Lum: Gas guzzlers I have known
During the war, we had a nondescript gray Plymouth sedan — vintage 1937 or 1938 — lined with a fuzzy material that also covered the scratchy seats. It had straps hanging by the windows which you could hang onto when flying around a sharp corner, not that my parents did a lot of flying.
No one could buy a new car because there was a war on and parts and tires were in short supply, as well. We were on a first-name basis with all the mechanics at Scerbo’s Garage, where the car spent most of its waning days in various states of disrepair.
When I was a freshman in high school, my grandmother — the rich one — bought us a 1951 Studebaker Champion. I was at that tender age of unrelenting acute mortification and this puke-green automobile with its bomb-like nose was the most embarrassing thing that ever graced our driveway.
However, free is free; we kept the car and I had to learn to drive in it. Back then, driving meant using a stick shift and poking your arm out the driver’s window to signal left, right, OK to pass and “I’m stopping,” sometimes with wild circles indicating erasure of the previous message (“Right — oops, no, I meant left.”).
The first car I ever owned was a 1946 Dodge convertible purchased in 1957 for $150, which distinguished itself by having 27 flat tires in 30 days (or was it 30 flats in 27 days?) when my ex-husband Burt and I were barely keeping all of our vehicles going until we left New Jersey for Alaska. That car had a name: Slewfoot.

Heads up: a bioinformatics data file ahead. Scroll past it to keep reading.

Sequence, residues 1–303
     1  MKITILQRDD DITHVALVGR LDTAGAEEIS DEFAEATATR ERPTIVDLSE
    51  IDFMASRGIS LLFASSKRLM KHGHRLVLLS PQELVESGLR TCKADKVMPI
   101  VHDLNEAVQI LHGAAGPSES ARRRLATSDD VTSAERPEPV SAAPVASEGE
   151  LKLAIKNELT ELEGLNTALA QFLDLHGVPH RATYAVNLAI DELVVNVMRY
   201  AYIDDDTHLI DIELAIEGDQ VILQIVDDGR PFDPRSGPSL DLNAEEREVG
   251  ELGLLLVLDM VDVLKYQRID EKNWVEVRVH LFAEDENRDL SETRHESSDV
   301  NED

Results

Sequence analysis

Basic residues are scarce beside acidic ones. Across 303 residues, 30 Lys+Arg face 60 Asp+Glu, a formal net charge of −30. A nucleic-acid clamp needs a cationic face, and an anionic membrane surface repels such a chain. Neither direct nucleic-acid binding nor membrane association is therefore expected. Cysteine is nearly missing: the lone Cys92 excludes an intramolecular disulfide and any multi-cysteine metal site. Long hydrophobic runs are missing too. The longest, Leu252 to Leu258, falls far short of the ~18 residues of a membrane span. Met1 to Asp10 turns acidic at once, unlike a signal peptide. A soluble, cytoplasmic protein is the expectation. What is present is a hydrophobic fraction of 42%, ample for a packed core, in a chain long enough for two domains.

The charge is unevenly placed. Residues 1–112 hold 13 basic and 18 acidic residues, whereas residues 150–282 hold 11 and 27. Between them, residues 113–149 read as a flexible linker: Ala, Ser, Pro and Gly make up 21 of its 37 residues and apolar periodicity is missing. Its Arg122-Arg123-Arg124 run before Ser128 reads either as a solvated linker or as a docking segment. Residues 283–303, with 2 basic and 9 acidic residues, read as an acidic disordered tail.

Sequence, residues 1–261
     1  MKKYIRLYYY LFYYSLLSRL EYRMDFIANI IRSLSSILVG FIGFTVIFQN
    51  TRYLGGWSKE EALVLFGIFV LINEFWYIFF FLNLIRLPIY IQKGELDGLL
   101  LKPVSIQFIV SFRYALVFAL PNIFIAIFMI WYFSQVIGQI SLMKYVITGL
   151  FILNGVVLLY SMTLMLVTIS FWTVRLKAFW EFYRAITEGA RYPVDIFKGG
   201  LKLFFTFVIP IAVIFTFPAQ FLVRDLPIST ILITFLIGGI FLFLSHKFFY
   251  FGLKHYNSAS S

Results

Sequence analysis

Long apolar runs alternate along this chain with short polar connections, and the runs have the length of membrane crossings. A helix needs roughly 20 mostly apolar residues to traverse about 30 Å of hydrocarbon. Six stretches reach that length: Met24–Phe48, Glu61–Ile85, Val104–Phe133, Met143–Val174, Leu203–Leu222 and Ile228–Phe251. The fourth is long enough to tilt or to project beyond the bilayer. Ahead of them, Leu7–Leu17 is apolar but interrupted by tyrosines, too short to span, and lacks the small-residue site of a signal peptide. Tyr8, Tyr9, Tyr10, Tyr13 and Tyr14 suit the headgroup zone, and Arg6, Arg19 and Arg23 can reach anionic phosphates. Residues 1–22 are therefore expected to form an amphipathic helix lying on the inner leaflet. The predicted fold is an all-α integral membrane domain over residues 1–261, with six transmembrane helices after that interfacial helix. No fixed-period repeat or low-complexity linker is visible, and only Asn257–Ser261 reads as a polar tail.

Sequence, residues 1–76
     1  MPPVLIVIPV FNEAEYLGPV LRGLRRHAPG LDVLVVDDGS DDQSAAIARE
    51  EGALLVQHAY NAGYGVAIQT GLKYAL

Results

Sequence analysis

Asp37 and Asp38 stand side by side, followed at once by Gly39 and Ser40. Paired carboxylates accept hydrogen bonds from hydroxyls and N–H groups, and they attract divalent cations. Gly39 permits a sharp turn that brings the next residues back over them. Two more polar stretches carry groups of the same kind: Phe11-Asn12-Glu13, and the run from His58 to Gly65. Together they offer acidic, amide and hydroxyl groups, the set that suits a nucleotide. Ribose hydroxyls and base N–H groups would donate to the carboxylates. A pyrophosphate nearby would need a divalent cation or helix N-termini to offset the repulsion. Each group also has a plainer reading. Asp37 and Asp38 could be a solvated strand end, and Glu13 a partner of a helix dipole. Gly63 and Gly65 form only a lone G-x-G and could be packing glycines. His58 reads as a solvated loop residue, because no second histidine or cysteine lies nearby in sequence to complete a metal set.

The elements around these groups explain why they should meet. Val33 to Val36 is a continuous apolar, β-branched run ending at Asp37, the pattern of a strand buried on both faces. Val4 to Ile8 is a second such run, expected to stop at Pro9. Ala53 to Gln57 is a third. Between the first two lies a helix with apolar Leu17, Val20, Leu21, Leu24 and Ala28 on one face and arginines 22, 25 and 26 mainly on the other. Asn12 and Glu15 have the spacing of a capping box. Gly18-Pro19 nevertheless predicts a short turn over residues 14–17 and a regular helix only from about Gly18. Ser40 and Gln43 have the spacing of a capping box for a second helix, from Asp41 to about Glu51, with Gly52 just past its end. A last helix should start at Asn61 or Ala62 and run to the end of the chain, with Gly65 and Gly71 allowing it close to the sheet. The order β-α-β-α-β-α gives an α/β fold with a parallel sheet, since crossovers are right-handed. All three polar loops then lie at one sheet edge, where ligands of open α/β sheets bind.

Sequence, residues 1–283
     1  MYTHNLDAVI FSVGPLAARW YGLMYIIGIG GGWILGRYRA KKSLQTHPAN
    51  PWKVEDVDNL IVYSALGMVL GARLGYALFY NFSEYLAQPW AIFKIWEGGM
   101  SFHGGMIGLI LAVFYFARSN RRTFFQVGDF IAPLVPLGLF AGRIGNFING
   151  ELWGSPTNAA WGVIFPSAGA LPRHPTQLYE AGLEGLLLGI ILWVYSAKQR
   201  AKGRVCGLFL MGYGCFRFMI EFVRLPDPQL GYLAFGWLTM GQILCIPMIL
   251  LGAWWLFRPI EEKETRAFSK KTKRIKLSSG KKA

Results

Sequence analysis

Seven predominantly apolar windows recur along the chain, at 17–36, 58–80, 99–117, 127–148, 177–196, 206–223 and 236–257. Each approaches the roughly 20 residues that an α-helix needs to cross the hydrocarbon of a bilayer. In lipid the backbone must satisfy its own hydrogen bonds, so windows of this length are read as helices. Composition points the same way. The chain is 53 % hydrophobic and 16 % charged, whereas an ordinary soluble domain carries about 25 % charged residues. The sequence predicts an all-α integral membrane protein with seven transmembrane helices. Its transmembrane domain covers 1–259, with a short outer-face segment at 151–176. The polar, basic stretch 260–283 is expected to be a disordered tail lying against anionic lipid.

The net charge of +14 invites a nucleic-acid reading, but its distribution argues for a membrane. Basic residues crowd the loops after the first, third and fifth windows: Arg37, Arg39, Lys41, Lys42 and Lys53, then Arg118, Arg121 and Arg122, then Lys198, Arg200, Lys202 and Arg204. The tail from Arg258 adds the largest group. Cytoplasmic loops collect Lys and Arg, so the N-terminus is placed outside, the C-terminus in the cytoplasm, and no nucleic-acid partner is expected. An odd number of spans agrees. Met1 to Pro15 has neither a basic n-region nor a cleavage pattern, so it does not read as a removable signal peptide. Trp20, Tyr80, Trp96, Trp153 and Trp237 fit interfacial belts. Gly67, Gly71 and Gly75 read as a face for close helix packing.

The other vehicles in our fleet were a Ford woody station wagon with toadstools growing in the rotting wood, an unremarkable and often inoperable dark green Chevrolet sedan and an open army surplus Jeep that spent more than a year dismantled on the kitchen table until Burt — quite miraculously — put it back together.
All of the vehicles had major imperfections. The convertible top of the Dodge was raised and lowered by holding two hot wires together that snapped and sparked. A rope served the dual purpose of holding up the driver’s seat and keeping the passenger door from swinging open. We had rigorous inspections and stickers to prove the car had passed. One time I had to go into a special room to be yelled at because the only test Slewfoot passed was the horn.
The station wagon’s floor was flimsy, the muffler corroded. On a trip to Maine, flames began shooting through my feet. “Then throw some water on it,” Burt snapped through my screams. He finally fixed the muffler by wrapping an opened tin can around the worst holes, but I could see the pavement whistling by beneath the hole in the floor.
The Jeep had no top or windshield wipers. If it rained or snowed I served as wiper, standing on the passenger seat with a squeegee. The Chevy had no license plates, but in a pinch we could switch plates with one of the others.
Once, driving through ritzy Mountain Lakes in the illegally licensed Chevy with an expired inspection sticker, a traffic cop waved at me to stop. I pretended I didn’t hear and kept going. As I passed him, he said, “You have to pull over” through the open window, but still I kept going. I could see him dancing in the street in my rear view mirror.
I drove the half-mile straight to my apartment, idiotically parked the car in full view in my driveway and sat — shaking — in my pitch-black bedroom closet for half an hour, waiting for the law to arrive. It didn’t.
We were leaving for Alaska soon so we didn’t want to put our precious savings into the maintenance of conveyances that we were going to sell as soon as our new Dodge Power Wagon arrived to take us out of Dodge. It finally came and we skipped town forever.
Su Lum is a longtime local who may go into the MGB’s, the VW’s and the ghastly Fiat another time. Her column appears every Wednesday in The Aspen Times. Reach her at firstname.lastname@example.org.
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